The most lasting legacy of the song-and-dance-flirtation act of John Hyams (1869-1940) and Leila McIntyre (1882-1953) was their daughter Leila Hyams, a nationally famous model who later went on to star in films from 1924 through 1936. She might be best known to readers of this blog as the leading lady in Tod Browning’s Freaks (1932), but she was also in Alias Jimmy Valentine (1928), Spite Marriage (1929) Island of Lost Souls (1932), Red-Headed Woman (1932), The Big Broadcast (1932) and Ruggles of Red Cap (1935).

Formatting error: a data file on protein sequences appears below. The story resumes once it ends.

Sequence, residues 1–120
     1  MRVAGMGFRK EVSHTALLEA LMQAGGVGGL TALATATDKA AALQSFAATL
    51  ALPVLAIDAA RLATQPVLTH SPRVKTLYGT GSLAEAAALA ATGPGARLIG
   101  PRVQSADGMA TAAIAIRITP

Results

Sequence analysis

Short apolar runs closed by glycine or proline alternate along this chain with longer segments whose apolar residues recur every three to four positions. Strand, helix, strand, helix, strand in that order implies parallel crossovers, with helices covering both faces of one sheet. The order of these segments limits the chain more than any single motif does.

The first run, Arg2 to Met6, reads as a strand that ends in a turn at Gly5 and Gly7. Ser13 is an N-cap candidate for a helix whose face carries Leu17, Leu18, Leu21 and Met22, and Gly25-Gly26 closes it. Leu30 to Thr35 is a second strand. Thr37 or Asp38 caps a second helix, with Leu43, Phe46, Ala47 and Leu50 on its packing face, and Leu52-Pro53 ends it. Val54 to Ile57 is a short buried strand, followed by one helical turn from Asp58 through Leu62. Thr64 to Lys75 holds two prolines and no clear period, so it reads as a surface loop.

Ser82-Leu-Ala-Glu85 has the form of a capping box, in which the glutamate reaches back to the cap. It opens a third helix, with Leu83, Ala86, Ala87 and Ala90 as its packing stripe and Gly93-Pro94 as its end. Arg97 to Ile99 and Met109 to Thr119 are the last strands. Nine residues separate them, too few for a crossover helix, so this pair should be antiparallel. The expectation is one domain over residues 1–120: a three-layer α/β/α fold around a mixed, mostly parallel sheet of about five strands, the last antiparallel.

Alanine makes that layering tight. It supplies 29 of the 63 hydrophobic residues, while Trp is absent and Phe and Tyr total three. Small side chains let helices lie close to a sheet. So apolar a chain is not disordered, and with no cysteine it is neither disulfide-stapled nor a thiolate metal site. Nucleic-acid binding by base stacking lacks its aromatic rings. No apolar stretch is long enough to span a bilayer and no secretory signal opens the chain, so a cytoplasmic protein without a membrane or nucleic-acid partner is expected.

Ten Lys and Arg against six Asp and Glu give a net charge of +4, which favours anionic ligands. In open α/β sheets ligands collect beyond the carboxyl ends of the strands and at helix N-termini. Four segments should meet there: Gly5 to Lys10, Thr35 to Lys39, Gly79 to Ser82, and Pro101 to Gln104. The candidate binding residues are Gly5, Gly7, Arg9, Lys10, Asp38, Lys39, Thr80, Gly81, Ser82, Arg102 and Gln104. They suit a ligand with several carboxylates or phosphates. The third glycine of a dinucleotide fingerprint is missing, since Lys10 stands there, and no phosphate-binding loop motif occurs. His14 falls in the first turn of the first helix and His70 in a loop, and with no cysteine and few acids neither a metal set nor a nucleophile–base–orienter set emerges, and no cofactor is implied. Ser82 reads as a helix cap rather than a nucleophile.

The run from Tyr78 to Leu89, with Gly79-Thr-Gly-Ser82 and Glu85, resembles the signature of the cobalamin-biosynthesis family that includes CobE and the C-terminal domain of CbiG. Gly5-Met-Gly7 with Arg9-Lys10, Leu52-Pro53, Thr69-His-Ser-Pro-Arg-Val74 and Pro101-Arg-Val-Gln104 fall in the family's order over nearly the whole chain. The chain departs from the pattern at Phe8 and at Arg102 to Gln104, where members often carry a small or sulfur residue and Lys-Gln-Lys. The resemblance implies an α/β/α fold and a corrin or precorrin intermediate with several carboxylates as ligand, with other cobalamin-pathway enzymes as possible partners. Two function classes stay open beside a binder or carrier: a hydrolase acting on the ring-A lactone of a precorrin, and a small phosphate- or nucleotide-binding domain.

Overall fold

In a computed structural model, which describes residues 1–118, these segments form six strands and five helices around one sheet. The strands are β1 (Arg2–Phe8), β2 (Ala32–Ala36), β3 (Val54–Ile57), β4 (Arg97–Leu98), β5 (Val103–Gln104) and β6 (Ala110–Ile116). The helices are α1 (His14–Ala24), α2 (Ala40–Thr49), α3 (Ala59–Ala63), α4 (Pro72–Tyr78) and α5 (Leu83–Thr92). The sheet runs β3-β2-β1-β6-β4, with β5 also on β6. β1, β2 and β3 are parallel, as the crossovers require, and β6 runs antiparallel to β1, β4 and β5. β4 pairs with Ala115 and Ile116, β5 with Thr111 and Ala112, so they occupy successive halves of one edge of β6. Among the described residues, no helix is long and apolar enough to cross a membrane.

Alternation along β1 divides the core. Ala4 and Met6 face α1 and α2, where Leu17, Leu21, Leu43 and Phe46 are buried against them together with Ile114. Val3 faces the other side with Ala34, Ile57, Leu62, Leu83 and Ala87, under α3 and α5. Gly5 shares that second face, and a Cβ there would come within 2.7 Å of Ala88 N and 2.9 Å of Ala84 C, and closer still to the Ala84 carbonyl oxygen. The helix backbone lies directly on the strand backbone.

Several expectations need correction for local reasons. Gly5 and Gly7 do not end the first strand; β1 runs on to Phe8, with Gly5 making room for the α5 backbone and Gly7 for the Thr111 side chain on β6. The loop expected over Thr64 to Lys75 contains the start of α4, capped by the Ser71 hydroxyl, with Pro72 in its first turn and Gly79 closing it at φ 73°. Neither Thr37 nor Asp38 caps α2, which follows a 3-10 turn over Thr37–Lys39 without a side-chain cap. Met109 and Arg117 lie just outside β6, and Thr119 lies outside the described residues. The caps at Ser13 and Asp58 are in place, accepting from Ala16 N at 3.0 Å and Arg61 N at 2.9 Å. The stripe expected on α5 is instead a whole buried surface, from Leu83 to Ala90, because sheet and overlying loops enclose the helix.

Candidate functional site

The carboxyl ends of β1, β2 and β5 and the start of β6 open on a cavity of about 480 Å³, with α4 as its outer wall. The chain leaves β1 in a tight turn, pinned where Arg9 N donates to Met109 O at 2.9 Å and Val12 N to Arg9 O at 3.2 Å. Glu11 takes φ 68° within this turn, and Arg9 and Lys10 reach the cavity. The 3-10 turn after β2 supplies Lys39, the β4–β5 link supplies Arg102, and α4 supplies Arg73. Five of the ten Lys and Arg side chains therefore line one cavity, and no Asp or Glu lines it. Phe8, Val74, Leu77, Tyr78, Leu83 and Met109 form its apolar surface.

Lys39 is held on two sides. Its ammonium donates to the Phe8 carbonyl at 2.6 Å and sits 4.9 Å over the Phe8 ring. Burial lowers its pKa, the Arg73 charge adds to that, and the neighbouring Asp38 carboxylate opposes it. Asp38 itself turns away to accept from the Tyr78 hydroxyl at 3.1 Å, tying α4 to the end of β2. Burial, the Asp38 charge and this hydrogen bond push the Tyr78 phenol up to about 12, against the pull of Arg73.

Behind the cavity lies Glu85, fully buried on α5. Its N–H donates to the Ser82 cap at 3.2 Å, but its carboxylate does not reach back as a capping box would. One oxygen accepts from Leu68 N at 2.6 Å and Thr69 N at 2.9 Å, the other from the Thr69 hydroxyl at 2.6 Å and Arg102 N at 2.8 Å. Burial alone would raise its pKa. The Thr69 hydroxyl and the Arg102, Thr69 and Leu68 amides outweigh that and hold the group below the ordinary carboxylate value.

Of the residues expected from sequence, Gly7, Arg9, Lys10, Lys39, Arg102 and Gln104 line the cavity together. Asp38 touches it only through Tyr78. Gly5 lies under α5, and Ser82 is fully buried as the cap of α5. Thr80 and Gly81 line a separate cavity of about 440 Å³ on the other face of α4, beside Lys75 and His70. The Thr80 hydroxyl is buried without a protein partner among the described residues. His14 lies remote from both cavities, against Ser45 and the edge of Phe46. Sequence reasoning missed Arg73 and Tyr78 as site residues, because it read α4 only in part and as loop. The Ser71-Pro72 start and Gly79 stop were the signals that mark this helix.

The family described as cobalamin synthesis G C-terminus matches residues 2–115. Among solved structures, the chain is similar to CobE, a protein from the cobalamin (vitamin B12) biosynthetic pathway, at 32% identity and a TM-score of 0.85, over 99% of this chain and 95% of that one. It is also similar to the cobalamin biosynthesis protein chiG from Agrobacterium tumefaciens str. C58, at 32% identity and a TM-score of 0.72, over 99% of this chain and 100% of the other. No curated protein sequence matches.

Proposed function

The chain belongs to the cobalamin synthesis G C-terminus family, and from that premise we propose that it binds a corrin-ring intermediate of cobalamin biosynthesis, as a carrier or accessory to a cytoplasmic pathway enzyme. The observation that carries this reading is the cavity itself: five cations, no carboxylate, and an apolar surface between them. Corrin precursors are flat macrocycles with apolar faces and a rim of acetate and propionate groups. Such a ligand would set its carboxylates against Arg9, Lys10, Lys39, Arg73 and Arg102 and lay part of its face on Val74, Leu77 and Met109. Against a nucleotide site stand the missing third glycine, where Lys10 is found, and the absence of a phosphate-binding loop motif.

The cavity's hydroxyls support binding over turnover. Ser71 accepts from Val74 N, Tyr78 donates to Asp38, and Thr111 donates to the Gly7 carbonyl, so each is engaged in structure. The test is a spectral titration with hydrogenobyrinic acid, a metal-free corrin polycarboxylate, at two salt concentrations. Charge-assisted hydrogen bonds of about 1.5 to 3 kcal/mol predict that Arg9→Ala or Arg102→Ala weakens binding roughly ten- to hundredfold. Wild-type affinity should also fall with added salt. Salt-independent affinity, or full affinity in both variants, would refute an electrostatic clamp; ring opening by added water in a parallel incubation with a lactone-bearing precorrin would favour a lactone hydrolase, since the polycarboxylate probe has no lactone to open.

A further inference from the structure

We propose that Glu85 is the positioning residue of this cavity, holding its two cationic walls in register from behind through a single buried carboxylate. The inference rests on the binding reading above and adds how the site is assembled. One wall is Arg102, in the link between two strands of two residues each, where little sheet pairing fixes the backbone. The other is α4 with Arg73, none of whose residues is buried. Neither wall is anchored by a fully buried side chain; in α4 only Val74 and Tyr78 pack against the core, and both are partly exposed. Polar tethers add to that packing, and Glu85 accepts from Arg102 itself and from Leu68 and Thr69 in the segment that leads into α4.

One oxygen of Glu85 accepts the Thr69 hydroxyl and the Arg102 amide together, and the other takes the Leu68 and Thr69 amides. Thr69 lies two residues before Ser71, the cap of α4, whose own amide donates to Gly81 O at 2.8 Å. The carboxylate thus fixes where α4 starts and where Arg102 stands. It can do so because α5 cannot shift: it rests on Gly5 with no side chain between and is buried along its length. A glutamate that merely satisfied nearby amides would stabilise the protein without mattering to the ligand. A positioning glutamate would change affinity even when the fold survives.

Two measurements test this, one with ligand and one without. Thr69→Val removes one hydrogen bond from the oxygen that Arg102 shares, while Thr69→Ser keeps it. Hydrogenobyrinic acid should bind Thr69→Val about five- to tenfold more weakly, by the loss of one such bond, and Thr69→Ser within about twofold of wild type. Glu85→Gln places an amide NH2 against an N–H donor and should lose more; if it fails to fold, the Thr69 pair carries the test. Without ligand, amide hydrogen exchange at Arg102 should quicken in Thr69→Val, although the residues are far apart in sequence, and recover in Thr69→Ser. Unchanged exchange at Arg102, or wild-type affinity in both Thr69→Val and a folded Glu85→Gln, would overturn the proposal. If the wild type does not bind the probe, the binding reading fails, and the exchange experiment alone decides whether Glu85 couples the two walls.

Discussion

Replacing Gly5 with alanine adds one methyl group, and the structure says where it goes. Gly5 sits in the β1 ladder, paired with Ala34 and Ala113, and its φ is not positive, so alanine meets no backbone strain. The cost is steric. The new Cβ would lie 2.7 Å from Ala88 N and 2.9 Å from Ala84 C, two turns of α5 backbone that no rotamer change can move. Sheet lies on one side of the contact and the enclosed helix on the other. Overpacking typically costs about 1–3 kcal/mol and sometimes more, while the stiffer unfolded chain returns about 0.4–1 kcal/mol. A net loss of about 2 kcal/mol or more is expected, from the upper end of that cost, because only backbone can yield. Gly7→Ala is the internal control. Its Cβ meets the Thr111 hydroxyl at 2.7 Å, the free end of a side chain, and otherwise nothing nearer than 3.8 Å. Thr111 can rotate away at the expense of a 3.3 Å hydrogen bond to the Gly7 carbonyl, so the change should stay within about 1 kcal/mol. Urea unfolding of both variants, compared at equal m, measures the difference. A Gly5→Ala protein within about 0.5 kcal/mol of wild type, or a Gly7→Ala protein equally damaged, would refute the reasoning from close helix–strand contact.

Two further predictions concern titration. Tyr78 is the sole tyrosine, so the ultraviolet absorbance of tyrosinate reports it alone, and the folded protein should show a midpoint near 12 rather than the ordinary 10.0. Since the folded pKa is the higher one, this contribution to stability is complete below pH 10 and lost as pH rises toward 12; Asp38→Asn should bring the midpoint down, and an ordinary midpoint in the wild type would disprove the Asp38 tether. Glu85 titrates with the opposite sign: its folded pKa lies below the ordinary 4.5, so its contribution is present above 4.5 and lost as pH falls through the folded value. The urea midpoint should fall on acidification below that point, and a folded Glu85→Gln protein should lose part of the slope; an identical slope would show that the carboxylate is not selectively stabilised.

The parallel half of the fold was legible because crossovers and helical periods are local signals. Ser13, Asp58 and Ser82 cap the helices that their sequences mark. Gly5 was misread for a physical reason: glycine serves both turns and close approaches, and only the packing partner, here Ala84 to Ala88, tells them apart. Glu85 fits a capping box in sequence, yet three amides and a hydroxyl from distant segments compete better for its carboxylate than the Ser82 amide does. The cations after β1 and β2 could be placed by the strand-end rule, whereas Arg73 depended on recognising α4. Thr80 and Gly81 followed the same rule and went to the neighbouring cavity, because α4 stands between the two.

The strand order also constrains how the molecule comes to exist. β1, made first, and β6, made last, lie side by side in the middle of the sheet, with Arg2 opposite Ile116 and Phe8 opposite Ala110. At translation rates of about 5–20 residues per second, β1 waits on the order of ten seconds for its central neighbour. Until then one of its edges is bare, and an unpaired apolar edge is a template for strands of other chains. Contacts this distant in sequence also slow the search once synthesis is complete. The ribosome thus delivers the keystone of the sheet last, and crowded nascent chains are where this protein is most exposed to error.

The parents had each each started out in Broadway shows, met in one (The Sleeping Beauty and the Beast) and become an inseparable pair. They started off in vaudeville in 1905 after their daughter was born, which made commitment to Broadway shows difficult for a time. (Vaudeville was steady yet more flexible and you could rehearse according to your own schedule). They were a big enough act that they were booked for the Palace in 1914, only a year after it opened. Their career in vaudeville lasted a quarter century. They also appeared in many films from the late 20s through the early years of talkies, although mostly in small, uncredited roles.
To find out more about vaudeville past and present, including teams like Hyams and McIntyre, consult No Applause, Just Throw Money: The Book That Made Vaudeville Famous